Friday, May 24, 2013

Screen Time

When I was a waitress back in the day, I used to get on a rant about families who let their kids play on their DS or iPhone at the table. When I became a teacher, I totally saw the effects of kids who were used to being constantly entertained by media. I was convinced that TV and video games were the devil as far as kids were concerned. And then I became a mom. Fast forward seven years, and we have three boys, a Netflix subscription, two iPhones, high speed Internet (recent upgrade - woot woot!), 2 laptops, a DS, Wii, Xbox, Rock Band, Kinect, and portable DVD player for the car. Speak of the devil...

We really did try to shield little baby Reed from television. I remember when he was barely old enough to sit up, we were watching a movie one afternoon with him in the room. Feeling guilty, I strategically placed a large toy to block his view of the television. He grabbed the link-a-doo rings that were attached to the toy and leaned back so he could catch a glimpse of the action. Ever since then, if the TV is on, Reed is a total zoner. When we go to people's houses where the TV is on for background noise, he will only make halfhearted attempts to play with friends, even if it's an infomercial. And when my high tech older brother passed down his Nintendo DS, there became another object of my boys' affection.

So I'll admit, there are times when the boys look like this:

or this:

But we do try to limit their screen time as much as possible. Here's what has worked for us so far:

- Each boy gets one 20 minute turn on the gaming system of their choice. They know not to ask for more. They are responsible for setting their own timer (actually, they usually have their sibling set it for them so they don't lose any seconds of play time). When the timer dings, they can "finish their level"if it doesn't take too long. Max has started taking an iPhone turn while his brothers watch each other play on the DS. He basically opens up all the apps, shoots angry birds backwards, and tries to delete or buy things, but he thinks he's big stuff and he leaves me alone for 10-20 minutes so it's all good. He's also the master timer watcher for his brothers. "Timer ding!"
- They get to watch one movie (or a few short episodes of a show) on Sat. and Sun. mornings. This is totally so Mommy and Daddy can sleep in. Max hasn't gotten that memo yet, though...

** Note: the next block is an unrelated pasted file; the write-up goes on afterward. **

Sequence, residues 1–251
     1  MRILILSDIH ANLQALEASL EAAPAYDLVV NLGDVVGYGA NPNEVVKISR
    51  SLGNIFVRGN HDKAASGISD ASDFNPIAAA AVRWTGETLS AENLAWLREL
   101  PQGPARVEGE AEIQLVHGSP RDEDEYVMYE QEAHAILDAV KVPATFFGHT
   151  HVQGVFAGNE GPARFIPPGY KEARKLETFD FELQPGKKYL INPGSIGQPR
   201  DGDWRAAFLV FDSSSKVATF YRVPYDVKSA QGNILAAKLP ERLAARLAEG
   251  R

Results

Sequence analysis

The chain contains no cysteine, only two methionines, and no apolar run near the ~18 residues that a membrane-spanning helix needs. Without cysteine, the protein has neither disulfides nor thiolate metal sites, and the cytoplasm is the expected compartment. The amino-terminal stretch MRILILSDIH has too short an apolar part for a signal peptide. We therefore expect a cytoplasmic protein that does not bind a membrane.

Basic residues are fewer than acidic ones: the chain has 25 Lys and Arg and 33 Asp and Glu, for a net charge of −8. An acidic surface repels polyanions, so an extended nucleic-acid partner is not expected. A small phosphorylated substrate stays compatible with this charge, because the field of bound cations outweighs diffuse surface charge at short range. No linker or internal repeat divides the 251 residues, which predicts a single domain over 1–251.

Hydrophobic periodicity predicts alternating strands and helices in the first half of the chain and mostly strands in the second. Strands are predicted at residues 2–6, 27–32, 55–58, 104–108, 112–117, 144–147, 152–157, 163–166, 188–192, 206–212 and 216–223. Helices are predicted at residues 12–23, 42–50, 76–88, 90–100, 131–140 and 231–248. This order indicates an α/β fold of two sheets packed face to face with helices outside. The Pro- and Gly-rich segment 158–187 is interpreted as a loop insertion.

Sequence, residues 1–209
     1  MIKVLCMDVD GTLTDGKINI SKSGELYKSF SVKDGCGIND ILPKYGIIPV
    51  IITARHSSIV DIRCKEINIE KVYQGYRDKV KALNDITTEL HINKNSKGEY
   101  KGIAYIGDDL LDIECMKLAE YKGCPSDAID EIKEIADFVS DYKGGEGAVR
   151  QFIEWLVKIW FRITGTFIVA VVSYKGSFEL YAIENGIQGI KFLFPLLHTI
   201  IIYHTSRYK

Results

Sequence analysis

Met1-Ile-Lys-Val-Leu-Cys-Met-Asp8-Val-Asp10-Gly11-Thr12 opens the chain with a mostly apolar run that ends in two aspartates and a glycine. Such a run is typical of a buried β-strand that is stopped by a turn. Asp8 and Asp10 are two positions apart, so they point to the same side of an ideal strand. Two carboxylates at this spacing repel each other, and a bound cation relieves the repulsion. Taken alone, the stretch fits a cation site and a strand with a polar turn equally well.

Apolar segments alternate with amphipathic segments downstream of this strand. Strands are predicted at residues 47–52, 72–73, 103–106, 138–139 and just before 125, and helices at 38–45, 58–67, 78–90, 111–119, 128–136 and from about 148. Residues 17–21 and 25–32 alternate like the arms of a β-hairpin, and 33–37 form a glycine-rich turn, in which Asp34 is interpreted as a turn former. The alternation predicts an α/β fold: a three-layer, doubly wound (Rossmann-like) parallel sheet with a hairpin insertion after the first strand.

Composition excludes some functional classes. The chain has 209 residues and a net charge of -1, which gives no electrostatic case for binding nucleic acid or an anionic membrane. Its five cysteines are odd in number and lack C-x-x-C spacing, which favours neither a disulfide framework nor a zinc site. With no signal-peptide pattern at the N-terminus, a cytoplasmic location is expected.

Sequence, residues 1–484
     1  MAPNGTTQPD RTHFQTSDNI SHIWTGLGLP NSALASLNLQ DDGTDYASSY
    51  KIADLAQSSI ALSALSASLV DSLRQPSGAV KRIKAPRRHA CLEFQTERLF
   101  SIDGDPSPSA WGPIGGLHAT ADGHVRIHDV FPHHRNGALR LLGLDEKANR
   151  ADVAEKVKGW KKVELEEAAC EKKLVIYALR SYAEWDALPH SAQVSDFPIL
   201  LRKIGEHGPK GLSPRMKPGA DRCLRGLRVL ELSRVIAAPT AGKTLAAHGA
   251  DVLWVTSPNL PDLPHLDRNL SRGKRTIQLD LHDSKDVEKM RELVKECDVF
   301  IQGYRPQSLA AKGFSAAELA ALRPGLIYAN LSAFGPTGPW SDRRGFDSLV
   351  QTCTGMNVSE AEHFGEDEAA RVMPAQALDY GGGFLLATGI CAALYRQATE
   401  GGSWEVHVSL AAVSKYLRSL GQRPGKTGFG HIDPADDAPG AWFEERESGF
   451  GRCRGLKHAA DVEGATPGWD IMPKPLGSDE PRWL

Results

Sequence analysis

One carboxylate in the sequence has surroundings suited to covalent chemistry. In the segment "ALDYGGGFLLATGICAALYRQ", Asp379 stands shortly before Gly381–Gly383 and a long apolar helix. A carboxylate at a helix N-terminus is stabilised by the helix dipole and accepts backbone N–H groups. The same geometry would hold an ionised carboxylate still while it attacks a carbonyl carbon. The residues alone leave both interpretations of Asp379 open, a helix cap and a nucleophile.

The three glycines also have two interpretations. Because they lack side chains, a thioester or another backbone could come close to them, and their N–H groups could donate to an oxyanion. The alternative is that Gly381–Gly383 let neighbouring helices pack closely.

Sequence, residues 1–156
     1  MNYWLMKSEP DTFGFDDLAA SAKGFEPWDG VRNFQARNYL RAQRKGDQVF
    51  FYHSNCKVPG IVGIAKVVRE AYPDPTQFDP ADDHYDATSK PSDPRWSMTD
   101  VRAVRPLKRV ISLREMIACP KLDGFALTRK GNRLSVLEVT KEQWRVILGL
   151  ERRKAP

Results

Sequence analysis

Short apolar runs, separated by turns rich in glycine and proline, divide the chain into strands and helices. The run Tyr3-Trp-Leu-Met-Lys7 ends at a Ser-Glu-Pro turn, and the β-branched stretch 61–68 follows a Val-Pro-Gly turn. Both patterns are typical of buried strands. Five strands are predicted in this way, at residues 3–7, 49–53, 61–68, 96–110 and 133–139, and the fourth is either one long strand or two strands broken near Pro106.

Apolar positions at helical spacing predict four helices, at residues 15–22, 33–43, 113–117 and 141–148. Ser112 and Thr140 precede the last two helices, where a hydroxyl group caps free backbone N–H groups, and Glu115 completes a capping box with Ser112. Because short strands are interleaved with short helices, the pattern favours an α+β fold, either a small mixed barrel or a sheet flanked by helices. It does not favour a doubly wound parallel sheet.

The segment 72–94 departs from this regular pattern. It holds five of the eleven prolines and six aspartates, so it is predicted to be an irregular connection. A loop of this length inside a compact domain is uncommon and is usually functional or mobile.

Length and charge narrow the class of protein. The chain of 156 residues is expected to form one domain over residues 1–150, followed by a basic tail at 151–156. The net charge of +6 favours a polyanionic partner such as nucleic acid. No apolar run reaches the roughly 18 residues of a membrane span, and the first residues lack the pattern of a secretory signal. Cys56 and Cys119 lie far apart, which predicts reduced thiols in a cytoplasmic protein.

- The boys know not to ask for more TV or game time. They are pretty diligent about getting their 20 minute turn in each day and we wake up EVERY Saturday and Sunday to a whispered, "Can we watch our movie?" but they don't usually push for more. I guess they got tired of hearing "No."
- The Wii, Rock Band, and Kinect are basically for family fun. With all three, we played almost every night for the first week, and now we might play one of them once a month when the mood strikes. This summer, I figure they'll be our rainy day saviors. That and Pinterest. The bigguns love that site almost as much as their mama! Too bad they want search Ninjago instead of cute mudrooms.
- In the middle of winter, we probably have movie or video game nights about once a week to battle cabin fever.
- On long car rides (we live 9 hours from mi familia) it's pretty much nonstop techno land on wheels. Sometimes you just gotta survive!

Our biggest issue is when we're around other people. In the winter, we favor uninterrupted adult conversation over towing a hard line about technology. But we're currently fighting a battle because of it. There are certain people they see only for their iPad or the Cartoon Network on their TV (we have no channels at home). We've taken to giving a lecture in the car before we arrive at our destination, forbidding them ask about TV or phones or Kindles. I swear my mantras every weekend for a month have been, "We don't go to Grandma's house to watch Transformers or play Bejeweled. We go to see Grandma and Grandpa" and "It's too pretty outside to watch TV. Don't even ask!"

I'm sure this will be an evolving battle, but for right now I feel like we're winning the war on technology overload. Now if I could just get myself under control. Right now, it's nearing 3 a.m. and I'm still on my laptop!

1 comment:

Deborah Raney said...

I remember this struggle so well. And your closing line cracks me up. Dad and I were the biggest "addicts"––still are, actually. :}